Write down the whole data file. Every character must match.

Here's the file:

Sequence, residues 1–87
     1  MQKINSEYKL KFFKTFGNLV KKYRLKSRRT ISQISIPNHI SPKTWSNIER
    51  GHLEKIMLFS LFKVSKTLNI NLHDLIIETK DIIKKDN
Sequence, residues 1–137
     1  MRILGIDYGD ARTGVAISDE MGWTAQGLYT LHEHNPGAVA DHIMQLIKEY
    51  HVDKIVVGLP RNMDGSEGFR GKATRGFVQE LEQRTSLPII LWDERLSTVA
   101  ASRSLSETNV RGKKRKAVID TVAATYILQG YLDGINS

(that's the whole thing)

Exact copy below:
Sequence, residues 1–87
     1  MQKINSEYKL KFFKTFGNLV KKYRLKSRRT ISQISIPNHI SPKTWSNIER
    51  GHLEKIMLFS LFKVSKTLNI NLHDLIIETK DIIKKDN
Sequence, residues 1–137
     1  MRILGIDYGD ARTGVAISDE MGWTAQGLYT LHEHNPGAVA DHIMQLIKEY
    51  HVDKIVVGLP RNMDGSEGFR GKATRGFVQE LEQRTSLPII LWDERLSTVA
   101  ASRSLSETNV RGKKRKAVID TVAATYILQG YLDGINS